1. ElonaM | | #5

            It's not just that P & P patterns run big--virtually ALL McCall's tend to run biggish, in my experience. Until recently, this was very true of Simplicity: Three sizes--big, bigger, and biggest! Because of this (and clunky instructions), I have stayed away from these lines for years, but recent reviews of new patterns at http://www.patternreview.com hint that Simplicity might be going for a more exact fit.Many patterns give you, on the back of the envelope, the finished girth at the hem for each size. Vogue often has the finished bust and hip measurement printed on the pattern piece itself, which helps. That said, however, even after you have chosen your pattern size, it's a prudent idea to do a flat pattern measure, where you check the dimensions of your pattern not only against your own measurements, but also against the amount of ease (wiggle room) you like. For example, my bust is 38," and I know that I like my tees to measure 39," but for most blouses, I prefer at least 42." It's good to know how long your shoulder seam is, as well as the distance from the bump at the base or your neck down to your wrist. Also your bicep, and wrist circumference. In general, the more measurements you have on file, the better.Do you have a nice fitting book, like "Fit For Real People," by Palmer and Alto?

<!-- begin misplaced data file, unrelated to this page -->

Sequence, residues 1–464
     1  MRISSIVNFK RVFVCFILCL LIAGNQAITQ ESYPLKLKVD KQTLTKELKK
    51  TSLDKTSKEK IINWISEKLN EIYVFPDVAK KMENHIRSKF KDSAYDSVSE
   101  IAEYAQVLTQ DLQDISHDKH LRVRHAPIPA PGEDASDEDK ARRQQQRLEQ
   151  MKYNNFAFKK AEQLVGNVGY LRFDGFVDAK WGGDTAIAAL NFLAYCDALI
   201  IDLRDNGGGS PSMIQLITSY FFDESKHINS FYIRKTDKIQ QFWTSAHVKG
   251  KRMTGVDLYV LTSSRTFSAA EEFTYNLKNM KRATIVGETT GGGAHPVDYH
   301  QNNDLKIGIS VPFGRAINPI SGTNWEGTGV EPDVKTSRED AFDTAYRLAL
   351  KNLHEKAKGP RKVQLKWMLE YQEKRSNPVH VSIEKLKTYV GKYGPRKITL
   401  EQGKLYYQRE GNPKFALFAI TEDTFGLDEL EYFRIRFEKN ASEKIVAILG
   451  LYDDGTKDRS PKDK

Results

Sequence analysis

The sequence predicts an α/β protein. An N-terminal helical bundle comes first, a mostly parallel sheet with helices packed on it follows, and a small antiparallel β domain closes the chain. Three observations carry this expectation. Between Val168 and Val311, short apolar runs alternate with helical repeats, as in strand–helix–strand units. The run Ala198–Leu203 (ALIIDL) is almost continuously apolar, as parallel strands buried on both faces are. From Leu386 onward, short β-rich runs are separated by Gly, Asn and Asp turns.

2. Karen2 | | #6

            Thanks again for the pattern information. Three sizes - big, bigger, and biggest. That is funny! I have only recently learned about "pattern review" and it is an unbelievable site. I like your idea of doing a flat pattern measure to check dimensions against yourself and also to determine the ease. What I'm wondering about is how to correct ####pattern so that the shoulder dimension from the neck to the shoulder is correct? If there is a yoke in the pattern I'm guessing you could fare a line on the pattern at right angles to the shoulder line to shorten that length? This, though, would then require that the sleeve pattern be altered. I am also curious about how sleeves are inserted. In the past, really past, I have eased the sleeve into the body before sewing the side seams and the sleeve seams. This method was most successful. However, in the Palmer/Pletsch pattern the side seams are sewed first. There just seems to be too much ease - at least in the blouse pattern I recently used. I will definitely be looking for the fitting book you suggested and I certainly value your input. Karen

          3. ElonaM | | #7